morning. Not the grim enthusiasm of negation, tearing up the weeds of
rooted falsehood, or with bold hand felling to the earth the baneful
growth of overshadowing abuses: his was the ancient faith uncurtailed,
redeemed from the decay of centuries, kindled with a new life, and
stimulated to a preternatural growth and fruitfulness.

Brébeuf and his Huron companions having landed, the Indians, throwing the
missionary's baggage on the ground, left him to his own resources; and,
without heeding his remonstrances, set forth for their respective
villages, some twenty miles distant. Thus abandoned, the priest kneeled,
not to implore succor in his perplexity, but to offer thanks to the
Providence which had shielded him thus far. Then, rising, he pondered as
to what course he should take. He knew the spot well. It was on the
borders of the small inlet called Thunder Bay. In the neighboring Huron
town of Toanché he had lived three years, preaching and baptizing; [ 1 ]
but Toanché had now ceased to exist. Here, Étienne Brulé, Champlain's
adventurous interpreter, had recently been murdered by the inhabitants,
who, in excitement and alarm, dreading the consequences of their deed,
had deserted the spot, and built, at the distance of a few miles, a new
town, called Ihonatiria. [ Concerning Brulé, see "Pioneers of France,"
377-380. ] Brébeuf hid his baggage in the woods, including the vessels
for the Mass, more precious than all the rest, and began his search for
this new abode. He passed the burnt remains of Toanché, saw the charred
poles that had formed the frame of his little chapel of bark, and found,
as he thought, the spot where Brulé had fallen. [ 2 ] Evening was near,
when, after following, bewildered and anxious, a gloomy forest path,
he issued upon a wild clearing, and saw before him the bark roofs of

[ 1 From 1626 to 1629. There is no record of the events of this first
mission, which was ended with the English occupation of Quebec. Brébeuf
had previously spent the winter of 1625-26 among the Algonquins, like Le
Jeune in 1633-34.--Lettre du P. Charles Lalemant au T. R. P. Mutio
Vitelleschi, 1 Aug., 1626, in Carayon. ]

[ 2 "Ie vis pareillement l'endroit où le pauure Estienne Brulé auoit
esté barbarement et traîtreusement assommé; ce qui me fit penser que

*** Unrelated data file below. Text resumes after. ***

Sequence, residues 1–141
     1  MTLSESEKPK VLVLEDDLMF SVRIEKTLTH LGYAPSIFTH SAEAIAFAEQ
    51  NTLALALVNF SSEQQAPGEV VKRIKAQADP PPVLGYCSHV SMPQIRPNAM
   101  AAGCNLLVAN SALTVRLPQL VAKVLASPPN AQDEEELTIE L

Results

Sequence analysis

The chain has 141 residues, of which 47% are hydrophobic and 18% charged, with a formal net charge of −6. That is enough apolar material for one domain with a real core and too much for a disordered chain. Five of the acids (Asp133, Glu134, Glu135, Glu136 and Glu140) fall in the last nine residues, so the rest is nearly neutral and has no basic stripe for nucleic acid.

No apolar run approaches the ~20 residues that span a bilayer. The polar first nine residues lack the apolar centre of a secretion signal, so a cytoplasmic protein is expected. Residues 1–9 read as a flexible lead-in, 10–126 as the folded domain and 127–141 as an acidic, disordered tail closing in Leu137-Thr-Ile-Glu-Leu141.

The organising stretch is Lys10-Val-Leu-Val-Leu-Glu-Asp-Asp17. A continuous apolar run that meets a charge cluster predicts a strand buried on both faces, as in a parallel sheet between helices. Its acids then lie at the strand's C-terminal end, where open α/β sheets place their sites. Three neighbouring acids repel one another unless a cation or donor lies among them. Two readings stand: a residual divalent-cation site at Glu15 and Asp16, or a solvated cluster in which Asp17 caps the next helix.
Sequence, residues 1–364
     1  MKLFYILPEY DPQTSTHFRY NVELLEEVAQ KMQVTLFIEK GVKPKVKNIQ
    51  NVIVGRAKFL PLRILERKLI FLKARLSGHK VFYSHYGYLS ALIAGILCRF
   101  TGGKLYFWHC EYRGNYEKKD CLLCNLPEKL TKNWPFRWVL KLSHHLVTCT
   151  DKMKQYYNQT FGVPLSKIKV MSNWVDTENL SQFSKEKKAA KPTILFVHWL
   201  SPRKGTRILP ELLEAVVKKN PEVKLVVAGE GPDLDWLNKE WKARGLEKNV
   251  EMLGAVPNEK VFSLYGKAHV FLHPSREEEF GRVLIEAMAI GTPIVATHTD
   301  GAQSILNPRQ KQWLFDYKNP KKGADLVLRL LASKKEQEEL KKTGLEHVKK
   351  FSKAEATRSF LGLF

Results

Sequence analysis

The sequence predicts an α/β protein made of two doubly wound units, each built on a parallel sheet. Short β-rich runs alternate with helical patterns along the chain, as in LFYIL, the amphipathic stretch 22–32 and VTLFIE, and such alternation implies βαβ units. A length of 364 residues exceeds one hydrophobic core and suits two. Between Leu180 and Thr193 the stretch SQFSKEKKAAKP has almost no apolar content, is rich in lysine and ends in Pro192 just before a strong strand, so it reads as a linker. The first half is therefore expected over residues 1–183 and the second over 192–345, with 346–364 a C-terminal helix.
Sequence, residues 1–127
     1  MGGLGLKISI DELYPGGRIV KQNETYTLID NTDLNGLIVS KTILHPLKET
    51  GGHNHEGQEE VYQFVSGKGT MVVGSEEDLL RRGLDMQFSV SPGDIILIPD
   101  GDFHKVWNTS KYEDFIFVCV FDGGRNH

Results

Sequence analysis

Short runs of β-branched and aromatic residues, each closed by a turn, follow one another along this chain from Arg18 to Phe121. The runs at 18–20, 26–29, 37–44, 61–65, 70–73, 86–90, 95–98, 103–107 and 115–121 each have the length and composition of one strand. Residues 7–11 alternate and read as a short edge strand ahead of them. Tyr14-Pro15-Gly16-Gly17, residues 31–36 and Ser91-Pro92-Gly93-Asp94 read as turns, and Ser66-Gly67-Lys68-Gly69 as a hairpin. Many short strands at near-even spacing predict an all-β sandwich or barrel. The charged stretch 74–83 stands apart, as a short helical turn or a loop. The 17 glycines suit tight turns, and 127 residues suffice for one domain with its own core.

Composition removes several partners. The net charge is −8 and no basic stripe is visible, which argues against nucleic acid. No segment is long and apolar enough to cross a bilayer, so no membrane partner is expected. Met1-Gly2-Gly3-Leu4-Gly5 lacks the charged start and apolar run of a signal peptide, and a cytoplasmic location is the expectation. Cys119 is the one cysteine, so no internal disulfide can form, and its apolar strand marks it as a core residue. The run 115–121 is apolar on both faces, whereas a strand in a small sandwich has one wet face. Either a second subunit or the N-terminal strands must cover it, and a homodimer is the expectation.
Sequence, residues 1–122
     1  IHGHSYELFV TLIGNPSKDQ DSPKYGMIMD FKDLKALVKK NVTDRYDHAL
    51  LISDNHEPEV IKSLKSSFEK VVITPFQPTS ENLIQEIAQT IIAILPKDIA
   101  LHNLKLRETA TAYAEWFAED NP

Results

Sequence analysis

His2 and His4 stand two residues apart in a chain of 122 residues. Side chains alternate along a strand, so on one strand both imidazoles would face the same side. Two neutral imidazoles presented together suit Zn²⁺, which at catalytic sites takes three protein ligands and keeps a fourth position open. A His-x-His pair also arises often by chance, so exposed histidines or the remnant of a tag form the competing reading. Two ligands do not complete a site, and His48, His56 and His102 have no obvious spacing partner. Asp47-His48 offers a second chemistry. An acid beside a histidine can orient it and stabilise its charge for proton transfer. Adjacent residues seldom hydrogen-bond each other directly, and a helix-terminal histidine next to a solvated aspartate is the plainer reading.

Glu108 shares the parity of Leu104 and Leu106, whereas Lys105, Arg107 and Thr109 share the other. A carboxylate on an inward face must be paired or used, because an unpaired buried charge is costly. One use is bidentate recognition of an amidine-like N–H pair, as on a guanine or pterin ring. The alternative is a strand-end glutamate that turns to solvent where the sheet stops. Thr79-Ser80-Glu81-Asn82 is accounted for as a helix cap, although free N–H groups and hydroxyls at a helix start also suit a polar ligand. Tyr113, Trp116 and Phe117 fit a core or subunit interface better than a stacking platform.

quelque iour on nous pourroit bien traitter de la sorte, et desirer au
moins que ce fust en pourchassant la gloire de N. Seigneur."--Brébeuf,
Relation des Hurons, 1635, 28, 29.--The missionary's prognostics were but
too well founded. ]

A crowd ran out to meet him. "Echom has come again! Echom has come
again!" they cried, recognizing in the distance the stately figure,
robed in black, that advanced from the border of the forest. They led
him to the town, and the whole population swarmed about him. After a
short rest, he set out with a number of young Indians in quest of his
baggage, returning with it at one o'clock in the morning. There was a
certain Awandoay in the village, noted as one of the richest and most
hospitable of the Hurons,--a distinction not easily won where hospitality
was universal. His house was large, and amply stored with beans and
corn; and though his prosperity had excited the jealousy of the villagers,
he had recovered their good-will by his generosity. With him Brébeuf
made his abode, anxiously waiting, week after week, the arrival of his
companions. One by one, they appeared: Daniel, weary and worn; Davost,
half dead with famine and fatigue; and their French attendants, each with
his tale of hardship and indignity. At length, all were assembled under
the roof of the hospitable Indian, and once more the Huron mission was


1634, 1635.



Where should the Fathers make their abode? Their first thought had been
to establish themselves at a place called by the French Rochelle, the
largest and most important town of the Huron confederacy; but Brébeuf now
resolved to remain at Ihonatiria. Here he was well known; and here, too,
he flattered himself, seeds of the Faith had been planted, which, with
good nurture, would in time yield fruit.

By the ancient Huron custom, when a man or a family wanted a house,
the whole village joined in building one. In the present case, not
Ihonatiria only, but the neighboring town of Wenrio also, took part in
the work,--though not without the expectation of such gifts as the
priests had to bestow. Before October, the task was finished. The house
was constructed after the Huron model. [ See Introduction. ] It was
thirty-six feet long and about twenty feet wide, framed with strong
sapling poles planted in the earth to form the sides, with the ends bent
into an arch for the roof,--the whole lashed firmly together, braced with
cross-poles, and closely covered with overlapping sheets of bark.
Without, the structure was strictly Indian; but within, the priests,
with the aid of their tools, made innovations which were the astonishment
of all the country. They divided their dwelling by transverse partitions